For reference, here are model-year 2021 K5 prices. Base prices include Kia’s $995 destination fee. Don’t expect significant changes to standard equipment or option-package content and pricing for model-year 2022.
Base price for the ’21 K5 LX was $24,585. Standard features included those already covered, plus dual-zone automatic climate control and one USB charging port in the front console tray.
The ’21 K5 LXS started at $25,585 with front-wheel drive and at $27,685 with AWD. Included with the AWD option was satellite radio, a 10-way power driver’s seat, heated front seats, and two rear USB charging ports. Also included was Kia’s UVO link, which allows remote control of such features as door locks and climate system via your smartphone or with Home-to-Car voice commands through Amazon Alexa.
Base prices for the 2021 GT-Line were $26,485 with front-drive and $30,185 with AWD. All ’22 GT-Lines should again include the 10-way power driver seat, while the AWD option should again duplicate the other features included with the LXS AWD option.
Expect Kia to again offer the ’22 GT-Line with options packages similar to those available on the ’21 model. The $1,700 Premium Package for front-drive cars added the enhanced safety suite that encompassed cyclist detection and junction-turning. It also included gloss-black rear roof-pillar trim, upgraded headlights, a panoramic moonroof, LED interior lighting, and the wireless phone charger.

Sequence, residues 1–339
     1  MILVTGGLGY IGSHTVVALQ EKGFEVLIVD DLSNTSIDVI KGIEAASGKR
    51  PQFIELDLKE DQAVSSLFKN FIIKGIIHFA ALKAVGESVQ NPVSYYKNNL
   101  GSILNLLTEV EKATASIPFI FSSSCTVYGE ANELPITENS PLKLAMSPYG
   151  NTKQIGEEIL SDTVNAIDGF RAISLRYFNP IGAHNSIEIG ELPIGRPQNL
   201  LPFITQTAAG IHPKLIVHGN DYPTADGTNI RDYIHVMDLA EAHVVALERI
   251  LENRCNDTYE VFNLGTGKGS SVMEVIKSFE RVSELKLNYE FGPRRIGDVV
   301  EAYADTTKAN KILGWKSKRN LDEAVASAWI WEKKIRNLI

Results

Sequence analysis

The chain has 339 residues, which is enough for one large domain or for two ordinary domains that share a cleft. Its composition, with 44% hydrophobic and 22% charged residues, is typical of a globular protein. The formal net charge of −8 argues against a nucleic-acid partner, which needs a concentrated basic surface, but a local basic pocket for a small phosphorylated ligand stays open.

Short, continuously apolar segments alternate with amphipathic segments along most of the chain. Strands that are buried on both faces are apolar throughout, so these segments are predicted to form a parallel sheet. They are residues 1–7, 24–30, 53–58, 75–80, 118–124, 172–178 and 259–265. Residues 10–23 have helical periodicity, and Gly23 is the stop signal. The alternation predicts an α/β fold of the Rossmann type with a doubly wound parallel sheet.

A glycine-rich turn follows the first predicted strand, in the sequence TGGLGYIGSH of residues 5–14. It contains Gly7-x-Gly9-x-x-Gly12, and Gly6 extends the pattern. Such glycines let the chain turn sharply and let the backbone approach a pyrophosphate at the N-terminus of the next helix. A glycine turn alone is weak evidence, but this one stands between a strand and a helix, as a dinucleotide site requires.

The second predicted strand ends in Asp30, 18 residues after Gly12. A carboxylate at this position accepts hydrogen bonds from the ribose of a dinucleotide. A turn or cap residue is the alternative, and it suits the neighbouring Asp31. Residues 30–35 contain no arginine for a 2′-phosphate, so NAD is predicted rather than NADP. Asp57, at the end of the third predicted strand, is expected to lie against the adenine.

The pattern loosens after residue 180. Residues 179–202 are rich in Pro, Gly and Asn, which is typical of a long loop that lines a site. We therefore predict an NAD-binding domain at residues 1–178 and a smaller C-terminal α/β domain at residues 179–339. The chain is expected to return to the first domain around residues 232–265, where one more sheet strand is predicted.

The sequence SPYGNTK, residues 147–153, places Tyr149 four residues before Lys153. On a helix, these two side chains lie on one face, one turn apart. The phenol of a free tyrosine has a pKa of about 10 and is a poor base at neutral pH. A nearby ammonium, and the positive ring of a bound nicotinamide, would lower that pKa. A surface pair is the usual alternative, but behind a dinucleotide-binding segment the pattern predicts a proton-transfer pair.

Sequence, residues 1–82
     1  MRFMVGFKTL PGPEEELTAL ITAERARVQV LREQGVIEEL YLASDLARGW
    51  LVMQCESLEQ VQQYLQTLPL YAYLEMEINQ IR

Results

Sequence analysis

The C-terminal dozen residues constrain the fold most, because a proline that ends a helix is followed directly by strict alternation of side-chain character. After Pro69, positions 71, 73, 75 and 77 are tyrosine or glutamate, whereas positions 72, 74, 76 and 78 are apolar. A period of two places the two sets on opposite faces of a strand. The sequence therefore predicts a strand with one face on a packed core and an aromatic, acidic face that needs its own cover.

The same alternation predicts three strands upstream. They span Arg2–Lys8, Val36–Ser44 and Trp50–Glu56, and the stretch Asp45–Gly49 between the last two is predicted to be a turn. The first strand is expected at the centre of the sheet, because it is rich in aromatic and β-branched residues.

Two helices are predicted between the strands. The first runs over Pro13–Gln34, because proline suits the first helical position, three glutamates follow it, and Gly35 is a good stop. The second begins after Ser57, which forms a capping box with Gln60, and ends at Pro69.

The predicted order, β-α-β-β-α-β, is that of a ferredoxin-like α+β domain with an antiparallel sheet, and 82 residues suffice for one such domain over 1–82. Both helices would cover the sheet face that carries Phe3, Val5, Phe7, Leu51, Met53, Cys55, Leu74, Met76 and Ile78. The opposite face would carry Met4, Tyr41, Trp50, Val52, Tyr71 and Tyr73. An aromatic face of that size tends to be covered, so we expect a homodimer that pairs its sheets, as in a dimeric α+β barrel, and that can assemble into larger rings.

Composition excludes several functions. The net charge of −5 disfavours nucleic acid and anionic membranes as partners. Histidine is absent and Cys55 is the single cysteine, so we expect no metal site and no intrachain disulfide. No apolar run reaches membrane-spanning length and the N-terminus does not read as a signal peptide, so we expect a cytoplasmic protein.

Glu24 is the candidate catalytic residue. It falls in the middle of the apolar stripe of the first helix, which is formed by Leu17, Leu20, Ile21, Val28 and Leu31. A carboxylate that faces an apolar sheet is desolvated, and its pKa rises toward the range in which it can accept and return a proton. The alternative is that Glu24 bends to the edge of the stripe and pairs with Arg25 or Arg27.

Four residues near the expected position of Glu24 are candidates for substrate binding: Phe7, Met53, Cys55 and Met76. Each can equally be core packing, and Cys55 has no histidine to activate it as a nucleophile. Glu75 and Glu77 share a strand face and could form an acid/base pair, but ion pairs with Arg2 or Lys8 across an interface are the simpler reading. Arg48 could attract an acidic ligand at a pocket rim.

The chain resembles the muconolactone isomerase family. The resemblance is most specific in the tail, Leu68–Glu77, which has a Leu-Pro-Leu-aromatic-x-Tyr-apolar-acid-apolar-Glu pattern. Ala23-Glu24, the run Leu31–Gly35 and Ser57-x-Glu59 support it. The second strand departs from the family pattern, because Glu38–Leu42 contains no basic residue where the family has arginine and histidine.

The $900 GT-Line Special Edition for AWD GT-Lines duplicated the Premium Package while also adding embedded navigation, Wolf Gray exterior color, and the red leatherette upholstery.
The ’21 K5 EX started at $29,085 and the ’22 should also come with UVO link, satellite radio and wireless charger, plus a panoramic moonroof, heated and ventilated front seats and reverse-parking-distance warning.
Look for return of an EX Premium Package like the one available on the ’21 EX. That $3,500 package included the dash-pattern taillamp treatment, Highway Driving Assist, the 10.25-inch screen with navigation, nav-based cruise control, a 12-speaker Bose audio upgrade, Safe Exit Assist, a heated steering wheel, a 10-way power front passenger seat, and driver’s power memory.
The ’21 K5 GT 2.5T started at $31,585 and the ’22 should again include features already noted and be available with a package similar to the GT1 Package offered for ’21. That $4,100 option duplicated the EX Premium Package.
When does the 2022 Kia K5 come out?
Expect a 2022 Kia K5 release date in fall 2021.